"Remember the word problem we did this morning?" asked Fletcher Elementary School teacher Shannon Osborne to a small group of first-graders. "I have 10 people coming to my house. Four are girls. How many are boys? I want you to show me in pictures how you would solve this problem."
The students began drawing a solution on their white boards.
"I like that I'm seeing you draw math mountains. We are missing a math partner that we need to find in the equation, 4 plus what number equals 10? What is the highest number to put on top of your mountain?"
Fletcher Elementary School first-graders Julia Smith and Katie David play a math game during their math workstations.
"Ten," said a student.
"What is the lowest number to put on the mountain?"
"Let's count together, 4, 5, 6, 7, 8, 9, 10," said Mrs. Osborne as she and the students drew dots up the math mountain. "How many is that?"
"Six boys," said a student.
Mrs. Osborne worked with a skills group during Math Workstations. All first-grade students participate in math workstations two times a week for 45 minutes. The workstations are small group instruction that target specific skill sets in response to common formative assessments and are data-driven. Each station runs from three to 15 minutes and skills such as mixed addition and subtraction, word problems, math facts, time, geometric shapes and enrichment opportunities are just a few of the different stations used to develop students' math skills. Students work in small groups independently while the teacher runs a guided math workstation on specific skills for that small group.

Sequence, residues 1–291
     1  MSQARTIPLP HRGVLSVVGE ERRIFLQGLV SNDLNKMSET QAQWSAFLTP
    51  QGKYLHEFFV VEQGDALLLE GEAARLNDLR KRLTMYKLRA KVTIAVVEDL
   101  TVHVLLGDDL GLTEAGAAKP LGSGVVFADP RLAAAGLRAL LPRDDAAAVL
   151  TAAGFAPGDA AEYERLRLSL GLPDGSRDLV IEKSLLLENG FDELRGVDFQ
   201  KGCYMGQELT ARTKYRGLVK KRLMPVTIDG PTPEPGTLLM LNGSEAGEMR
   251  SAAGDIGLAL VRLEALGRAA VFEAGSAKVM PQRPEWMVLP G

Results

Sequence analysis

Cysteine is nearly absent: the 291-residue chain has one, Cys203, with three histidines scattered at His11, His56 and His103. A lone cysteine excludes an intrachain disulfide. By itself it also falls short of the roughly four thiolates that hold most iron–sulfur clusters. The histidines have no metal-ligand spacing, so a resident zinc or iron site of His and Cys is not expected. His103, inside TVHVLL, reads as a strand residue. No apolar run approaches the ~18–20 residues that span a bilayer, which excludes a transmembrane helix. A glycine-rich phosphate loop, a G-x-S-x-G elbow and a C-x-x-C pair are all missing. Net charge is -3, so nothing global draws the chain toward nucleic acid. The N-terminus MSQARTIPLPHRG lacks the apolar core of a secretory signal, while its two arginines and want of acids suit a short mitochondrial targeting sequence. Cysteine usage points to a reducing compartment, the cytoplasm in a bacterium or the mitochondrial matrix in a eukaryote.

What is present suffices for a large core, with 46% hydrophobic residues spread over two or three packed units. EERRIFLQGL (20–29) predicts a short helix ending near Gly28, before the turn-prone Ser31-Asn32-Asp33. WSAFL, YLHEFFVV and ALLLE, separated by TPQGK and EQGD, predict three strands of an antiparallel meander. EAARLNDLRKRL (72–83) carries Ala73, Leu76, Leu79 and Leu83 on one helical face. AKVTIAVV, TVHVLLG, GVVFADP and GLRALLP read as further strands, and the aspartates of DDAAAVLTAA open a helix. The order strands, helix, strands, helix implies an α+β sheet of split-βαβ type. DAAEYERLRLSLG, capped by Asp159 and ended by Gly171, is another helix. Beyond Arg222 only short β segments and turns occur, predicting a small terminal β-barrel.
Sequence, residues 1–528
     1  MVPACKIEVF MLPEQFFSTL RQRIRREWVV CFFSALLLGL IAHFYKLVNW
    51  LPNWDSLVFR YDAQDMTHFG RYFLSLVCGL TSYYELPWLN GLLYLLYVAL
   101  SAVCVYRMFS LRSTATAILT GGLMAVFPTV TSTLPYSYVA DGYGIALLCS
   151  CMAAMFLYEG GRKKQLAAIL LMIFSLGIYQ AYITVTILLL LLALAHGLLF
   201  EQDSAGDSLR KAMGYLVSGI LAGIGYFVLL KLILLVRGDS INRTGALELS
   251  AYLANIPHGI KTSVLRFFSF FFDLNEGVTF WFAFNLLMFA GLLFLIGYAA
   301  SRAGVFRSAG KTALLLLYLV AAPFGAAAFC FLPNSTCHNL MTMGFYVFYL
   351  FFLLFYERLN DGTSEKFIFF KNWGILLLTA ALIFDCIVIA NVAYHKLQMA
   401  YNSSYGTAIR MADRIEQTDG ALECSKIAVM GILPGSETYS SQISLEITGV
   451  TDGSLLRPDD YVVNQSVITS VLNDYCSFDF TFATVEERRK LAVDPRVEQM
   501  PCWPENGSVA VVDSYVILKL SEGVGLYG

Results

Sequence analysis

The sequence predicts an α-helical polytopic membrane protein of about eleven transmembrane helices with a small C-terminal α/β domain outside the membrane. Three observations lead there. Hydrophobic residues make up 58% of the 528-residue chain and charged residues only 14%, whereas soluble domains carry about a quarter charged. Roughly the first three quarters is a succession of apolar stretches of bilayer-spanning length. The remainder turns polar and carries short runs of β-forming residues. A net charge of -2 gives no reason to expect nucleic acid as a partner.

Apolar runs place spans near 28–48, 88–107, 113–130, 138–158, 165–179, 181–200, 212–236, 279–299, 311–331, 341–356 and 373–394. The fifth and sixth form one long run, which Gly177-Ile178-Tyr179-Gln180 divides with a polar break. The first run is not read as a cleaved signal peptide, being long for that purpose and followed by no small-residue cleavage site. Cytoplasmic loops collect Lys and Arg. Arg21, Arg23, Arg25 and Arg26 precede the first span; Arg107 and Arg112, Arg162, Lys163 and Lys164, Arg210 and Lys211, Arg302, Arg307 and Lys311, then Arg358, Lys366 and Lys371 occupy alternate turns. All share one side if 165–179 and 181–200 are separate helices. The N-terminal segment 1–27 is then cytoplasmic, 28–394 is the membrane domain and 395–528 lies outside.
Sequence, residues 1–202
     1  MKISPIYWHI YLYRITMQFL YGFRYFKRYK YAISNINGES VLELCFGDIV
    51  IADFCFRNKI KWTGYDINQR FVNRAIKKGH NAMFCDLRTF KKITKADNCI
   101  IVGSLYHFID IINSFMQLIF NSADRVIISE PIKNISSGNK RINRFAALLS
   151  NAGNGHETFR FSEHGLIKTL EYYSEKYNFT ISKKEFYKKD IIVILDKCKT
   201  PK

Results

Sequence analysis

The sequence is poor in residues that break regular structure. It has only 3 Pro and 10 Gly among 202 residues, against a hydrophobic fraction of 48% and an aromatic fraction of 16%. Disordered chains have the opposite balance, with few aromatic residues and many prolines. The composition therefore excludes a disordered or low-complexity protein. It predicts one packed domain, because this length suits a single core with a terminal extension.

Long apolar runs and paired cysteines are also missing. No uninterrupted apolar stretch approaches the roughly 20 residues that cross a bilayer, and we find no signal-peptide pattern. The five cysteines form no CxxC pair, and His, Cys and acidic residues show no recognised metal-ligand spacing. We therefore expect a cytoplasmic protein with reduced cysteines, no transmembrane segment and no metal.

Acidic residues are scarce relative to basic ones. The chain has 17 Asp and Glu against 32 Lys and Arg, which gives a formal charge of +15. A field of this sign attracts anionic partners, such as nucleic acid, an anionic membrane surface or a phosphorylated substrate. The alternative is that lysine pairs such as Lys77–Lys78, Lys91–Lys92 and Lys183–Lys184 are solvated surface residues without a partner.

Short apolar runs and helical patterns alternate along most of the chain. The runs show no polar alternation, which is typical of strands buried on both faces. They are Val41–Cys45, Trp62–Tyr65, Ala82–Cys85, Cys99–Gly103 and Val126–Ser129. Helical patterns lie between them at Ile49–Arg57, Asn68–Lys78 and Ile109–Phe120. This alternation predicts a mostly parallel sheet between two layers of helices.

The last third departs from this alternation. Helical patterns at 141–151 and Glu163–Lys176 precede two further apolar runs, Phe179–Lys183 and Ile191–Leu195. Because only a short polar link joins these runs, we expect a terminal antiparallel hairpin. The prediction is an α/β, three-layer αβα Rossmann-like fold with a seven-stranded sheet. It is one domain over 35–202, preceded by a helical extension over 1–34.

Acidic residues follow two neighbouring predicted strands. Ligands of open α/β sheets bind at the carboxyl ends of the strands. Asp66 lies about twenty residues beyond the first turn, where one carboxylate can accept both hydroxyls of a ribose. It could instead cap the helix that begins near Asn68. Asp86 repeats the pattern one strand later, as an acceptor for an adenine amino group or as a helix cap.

"I like math a lot because my dad helps me with it at home," said first-grader Skylar Philbrick. "I really like the math card workstation. I want to be a math teacher when I grow up just like Mrs. Osborne."
"I like the time workstation," said first-grader Celeste Roberts. "It's fun to learn and figure out the answers to math questions. I want to be a dentist when I grow up, so I need to learn math to go to college."
The math workstations are in addition to 60-minute daily Math Expressions curriculum.
"We want students to express themselves verbally, in writing and in pictures," said Mrs. Osborne. "By giving them different ways to solve math, students learn problem-solving techniques that will help them become better math students."
The math workstations are created based on teacher's studying data to see where an individual student, and the class as a whole, needs extra help. The teachers group the students by skill levels and study the data on each student every two to three weeks to re-group based on progress or continued challenges.
"The students love the math workstations and get so excited to do them," said first-grade teacher Teresina Isabella. "They are great hands-on practice to what they are learning in class. The other day one of my students worked with fellow first-grade teacher Mr. Emley doing the 100s chart and he couldn't believe how much they knew as first graders and how excited they were to count."